on October 30th, 2015 No Comments
When I was a kid, the ghosts and ghouls of Halloween were the scariest things around. Now that I’m older, the terrors of Halloween have taken on a different form: Pumpkin-shaped pails that put fun-sized candies within easy reach, Halloween-themed cupcakes and cookies too cute to be “bad” for you and bulk bags of holiday treats at bargain prices.
If you’re a parent who’s trying to maintain a healthy lifestyle for your kids and yourself, these treats can quickly eat away all the hard work you put into developing healthy diet habits. So how can you get through this season of excess eating unscathed? On the Healthier, Happier Lives Blog, Shiri Sadeh-Sharvit, PhD, a clinical psychologist with Stanford’s Eating Disorders Research Program, offers these tips:
Parenting is all about flexibility. Just as you plan on going on a trip, but something happens and you find yourself modeling to your children how you adapt to a changing environment, Halloween is not a challenge most parents have not dealt with thus far. You have probably spoken in the past with your child about how your habits and preferences as a family may be different from their friends’; you have likely taught them about the food pyramid and how different foods affect their bodies; and you have already experienced making decisions that your kids did not like.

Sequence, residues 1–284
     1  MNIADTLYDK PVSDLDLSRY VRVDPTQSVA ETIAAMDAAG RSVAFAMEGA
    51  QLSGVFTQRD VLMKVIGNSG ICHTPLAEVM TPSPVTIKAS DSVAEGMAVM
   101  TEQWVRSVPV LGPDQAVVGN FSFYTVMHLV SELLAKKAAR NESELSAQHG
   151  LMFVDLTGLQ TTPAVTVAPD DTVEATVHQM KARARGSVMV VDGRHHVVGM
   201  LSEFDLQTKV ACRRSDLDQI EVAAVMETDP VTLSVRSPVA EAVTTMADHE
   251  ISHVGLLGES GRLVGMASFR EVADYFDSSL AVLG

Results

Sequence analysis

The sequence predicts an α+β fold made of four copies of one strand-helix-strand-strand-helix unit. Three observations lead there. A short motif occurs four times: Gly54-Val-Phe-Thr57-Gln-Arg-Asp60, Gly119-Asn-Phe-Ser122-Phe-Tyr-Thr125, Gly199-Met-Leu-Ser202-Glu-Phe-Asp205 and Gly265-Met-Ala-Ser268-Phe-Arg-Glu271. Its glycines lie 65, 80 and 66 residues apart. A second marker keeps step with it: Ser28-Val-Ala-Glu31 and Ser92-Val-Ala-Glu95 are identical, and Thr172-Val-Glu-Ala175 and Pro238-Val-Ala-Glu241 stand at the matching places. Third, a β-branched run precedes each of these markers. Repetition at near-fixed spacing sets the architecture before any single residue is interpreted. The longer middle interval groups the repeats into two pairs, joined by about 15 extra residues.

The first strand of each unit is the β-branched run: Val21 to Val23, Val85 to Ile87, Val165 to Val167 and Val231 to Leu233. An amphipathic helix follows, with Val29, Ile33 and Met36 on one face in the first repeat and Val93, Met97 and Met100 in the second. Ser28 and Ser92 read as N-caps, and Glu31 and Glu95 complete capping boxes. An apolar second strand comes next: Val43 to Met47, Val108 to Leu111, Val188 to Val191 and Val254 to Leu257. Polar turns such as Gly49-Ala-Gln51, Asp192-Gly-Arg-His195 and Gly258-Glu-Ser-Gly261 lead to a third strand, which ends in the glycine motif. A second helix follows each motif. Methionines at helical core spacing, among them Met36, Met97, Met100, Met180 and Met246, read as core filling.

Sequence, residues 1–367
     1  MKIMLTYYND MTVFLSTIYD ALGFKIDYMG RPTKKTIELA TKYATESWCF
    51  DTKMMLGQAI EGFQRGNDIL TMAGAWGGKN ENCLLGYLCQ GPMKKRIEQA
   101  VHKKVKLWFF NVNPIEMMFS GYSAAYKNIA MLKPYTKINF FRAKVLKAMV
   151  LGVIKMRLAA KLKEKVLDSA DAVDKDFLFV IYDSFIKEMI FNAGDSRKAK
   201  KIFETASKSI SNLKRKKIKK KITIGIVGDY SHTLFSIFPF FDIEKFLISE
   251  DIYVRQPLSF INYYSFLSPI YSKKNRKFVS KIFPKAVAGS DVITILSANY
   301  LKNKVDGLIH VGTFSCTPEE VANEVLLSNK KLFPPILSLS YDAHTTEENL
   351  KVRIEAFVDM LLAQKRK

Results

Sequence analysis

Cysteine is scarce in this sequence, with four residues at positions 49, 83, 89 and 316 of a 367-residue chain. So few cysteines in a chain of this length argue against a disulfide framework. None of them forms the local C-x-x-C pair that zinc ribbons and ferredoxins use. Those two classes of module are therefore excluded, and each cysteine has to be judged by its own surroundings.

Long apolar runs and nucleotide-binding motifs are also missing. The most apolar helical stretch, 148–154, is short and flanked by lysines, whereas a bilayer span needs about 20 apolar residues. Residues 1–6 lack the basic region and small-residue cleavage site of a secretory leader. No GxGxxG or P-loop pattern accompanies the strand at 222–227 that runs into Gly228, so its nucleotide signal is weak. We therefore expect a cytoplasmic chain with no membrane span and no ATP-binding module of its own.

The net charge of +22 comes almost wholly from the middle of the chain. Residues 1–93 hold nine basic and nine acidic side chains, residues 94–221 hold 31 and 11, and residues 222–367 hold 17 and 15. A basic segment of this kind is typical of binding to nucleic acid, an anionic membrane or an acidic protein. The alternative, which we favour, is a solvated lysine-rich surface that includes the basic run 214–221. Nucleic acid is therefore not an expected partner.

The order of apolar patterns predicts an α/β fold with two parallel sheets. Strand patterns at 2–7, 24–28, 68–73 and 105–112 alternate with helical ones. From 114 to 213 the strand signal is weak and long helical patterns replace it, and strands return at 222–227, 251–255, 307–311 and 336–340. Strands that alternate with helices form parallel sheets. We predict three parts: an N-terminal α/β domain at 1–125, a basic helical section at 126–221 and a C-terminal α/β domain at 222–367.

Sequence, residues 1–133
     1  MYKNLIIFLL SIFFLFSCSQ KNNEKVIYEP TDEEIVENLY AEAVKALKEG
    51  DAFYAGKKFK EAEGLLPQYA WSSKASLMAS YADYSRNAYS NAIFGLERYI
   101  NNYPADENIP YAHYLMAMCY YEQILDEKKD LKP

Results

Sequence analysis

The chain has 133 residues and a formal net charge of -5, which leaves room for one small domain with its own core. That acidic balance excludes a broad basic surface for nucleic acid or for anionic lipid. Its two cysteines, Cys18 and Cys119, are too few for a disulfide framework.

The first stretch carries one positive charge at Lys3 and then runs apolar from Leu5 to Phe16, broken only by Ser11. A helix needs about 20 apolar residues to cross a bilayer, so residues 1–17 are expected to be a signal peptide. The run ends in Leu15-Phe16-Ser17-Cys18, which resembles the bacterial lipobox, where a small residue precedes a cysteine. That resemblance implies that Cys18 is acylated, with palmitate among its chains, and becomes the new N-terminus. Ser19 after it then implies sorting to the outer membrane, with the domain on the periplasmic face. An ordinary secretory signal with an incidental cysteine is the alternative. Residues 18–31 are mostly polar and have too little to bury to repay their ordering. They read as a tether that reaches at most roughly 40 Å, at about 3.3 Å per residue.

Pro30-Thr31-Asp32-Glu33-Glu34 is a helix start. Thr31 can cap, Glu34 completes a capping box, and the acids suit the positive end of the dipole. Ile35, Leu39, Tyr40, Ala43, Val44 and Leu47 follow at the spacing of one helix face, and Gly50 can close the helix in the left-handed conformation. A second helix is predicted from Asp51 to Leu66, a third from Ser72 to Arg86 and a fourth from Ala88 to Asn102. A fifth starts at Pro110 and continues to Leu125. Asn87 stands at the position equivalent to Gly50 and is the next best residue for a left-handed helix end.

Know your limits
A possible approach to Halloween is comprised of first knowing your limits – how many sweets and candies you think would be OK for your child? The answer may change according to your child’s age. For younger children, providing smaller baskets, allowing only a few treats during Halloween and saving a few treats for the following weeks would be acceptable. With older children, you can discuss their ideas and understandings how to go about the sweet celebration.
Recognize there’s more to Halloween than food
When you and your children have a clearer understanding of your approach to Halloween, take this external opportunity to have fun! Wear a costume, extend your “persona” boundaries, and enjoy the non-food parts of this wonderful celebration. After all, isn’t this what Halloween is all about?